Quantum Mechanics
Introduction: Historical background

Black body radiation

Black-body radiationWhen an object is heated, it emits radiation consisting of electromagnetic waves with a broad range of frequencies. The intensity I varies with the frequency nu of the radiation. As the temperature increases the dominant frequency increases. A black body is a body that completely absorbs all the electromagnetic radiation falling on it. A cavityInside a cavity, e.g. a closed heated oven, the radiation is continuously being absorbed and reemitted by the walls. A small opening in the cavity will act as a source of radiation. It will give off radiation characteristic of a black body. Under equilibrium conditions, the dominant frequency of this radiation depends only on the temperature. The radiation curves were shown to be very similar to Maxwell's velocity distributions of heated gas molecules in a sealed container.

Could the black-body radiation problem be studied in the same way as Maxwell´s ideal gas?

Wien (1894) derived a formula which was confirmed experimentally but there were significant deviations at low frequencies. Lord Rayleigh and Sir Jeans (1900) calculated the energy distribution using the same theoretical assumptions as Maxwell had done with his kinetic theory of gasses. They applied the statistical physics method to waves by analogy with Maxwell´s gas particles using the equipartition of energy, i.e. they assumed that the total energy of radiation is distributed equally among all possible vibration frequencies. BUT in the case of waves there is no limit on the number of modes of vibration that can be excited, because with increasing frequencies (or decreasing wavelengths) the number of waves fitting into the container grows. Consequently the amount of radiation predicted by the theory agreed well at low frequencies but is unlimited and should keep getting stronger and stronger as the temperature is raised and the frequency increases.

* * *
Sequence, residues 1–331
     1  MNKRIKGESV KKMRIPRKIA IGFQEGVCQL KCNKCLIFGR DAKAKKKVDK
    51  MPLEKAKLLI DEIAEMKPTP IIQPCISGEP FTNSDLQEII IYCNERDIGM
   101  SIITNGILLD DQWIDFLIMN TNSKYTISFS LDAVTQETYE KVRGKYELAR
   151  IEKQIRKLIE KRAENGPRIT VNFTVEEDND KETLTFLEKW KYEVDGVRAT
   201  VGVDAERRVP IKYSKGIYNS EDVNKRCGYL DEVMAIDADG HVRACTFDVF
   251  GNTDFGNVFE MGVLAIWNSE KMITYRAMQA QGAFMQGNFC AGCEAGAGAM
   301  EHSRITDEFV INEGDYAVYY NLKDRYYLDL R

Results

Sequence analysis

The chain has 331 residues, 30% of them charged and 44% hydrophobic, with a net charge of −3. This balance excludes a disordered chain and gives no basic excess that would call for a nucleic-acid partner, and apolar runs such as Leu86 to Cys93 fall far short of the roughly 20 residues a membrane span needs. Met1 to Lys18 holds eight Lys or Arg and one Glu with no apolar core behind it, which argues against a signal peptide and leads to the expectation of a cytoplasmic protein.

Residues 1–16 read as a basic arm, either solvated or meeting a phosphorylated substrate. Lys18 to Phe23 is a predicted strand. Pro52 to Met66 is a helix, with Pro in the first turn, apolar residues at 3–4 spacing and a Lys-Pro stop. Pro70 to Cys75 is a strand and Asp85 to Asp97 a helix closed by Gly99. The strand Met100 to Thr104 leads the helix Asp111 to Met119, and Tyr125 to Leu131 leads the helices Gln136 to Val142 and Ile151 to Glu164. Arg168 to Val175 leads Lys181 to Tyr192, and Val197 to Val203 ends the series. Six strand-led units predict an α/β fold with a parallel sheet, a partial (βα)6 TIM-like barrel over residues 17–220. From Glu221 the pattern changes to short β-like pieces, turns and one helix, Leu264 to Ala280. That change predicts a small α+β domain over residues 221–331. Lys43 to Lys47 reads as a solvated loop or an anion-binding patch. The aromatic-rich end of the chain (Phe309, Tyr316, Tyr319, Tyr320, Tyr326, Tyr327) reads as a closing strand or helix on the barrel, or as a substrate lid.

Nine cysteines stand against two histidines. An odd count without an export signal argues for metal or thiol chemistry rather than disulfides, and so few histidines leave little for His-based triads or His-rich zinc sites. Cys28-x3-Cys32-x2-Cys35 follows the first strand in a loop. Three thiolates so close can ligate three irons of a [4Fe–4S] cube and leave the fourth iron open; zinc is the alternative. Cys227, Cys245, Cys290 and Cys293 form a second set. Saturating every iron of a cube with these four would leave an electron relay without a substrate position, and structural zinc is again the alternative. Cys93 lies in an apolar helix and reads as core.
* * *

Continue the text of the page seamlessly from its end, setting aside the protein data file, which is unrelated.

Planck´s radiation law (1900): Planck modeled the walls of the cavity as a collection of electric oscillators. He assumed that all frequencies would be present. He also expected that the average frequency increases with increasing temperature since heating the walls causes the oscillators to vibrate faster and faster until thermal equilibrium is reached. The electromagnetic theory could tell everything about the emission, absorption and propagation of the radiation but nothing about the energy distribution at equilibrium. Planck first derived an empirical formula to bridge the gap between Wien's law and Rayleigh Jeans´ law of black-body radiation and then searched for a rigorous derivation of his formula.

At thermal equilibrium, the energy distribution of the radiation matches the energy distribution of the oscillators since the electric oscillators exchange energy with the radiation in the cavity. Planck postulated for the energy E of an oscillator of frequency nu that

E = n*h*nu

where h is a proportionality constant, nowadays called Planck´s constant. Hence it is not possible for an oscillator to absorb and emit energy in a continuous range. It must gain and lose energy discontinuously, in small indivisible units of h*nu, which Planck called energy quanta. From his quantization condition, Planck derived the thermal energy distribution of the oscillators and the radiation. Qualitatively, it is understandable how the quantization condition leads to a decrease of the energy at high frequencies: At high frequencies, even though many modes of vibration are possible, not many are excited because it costs too much energy to make a quantum at a high frequency.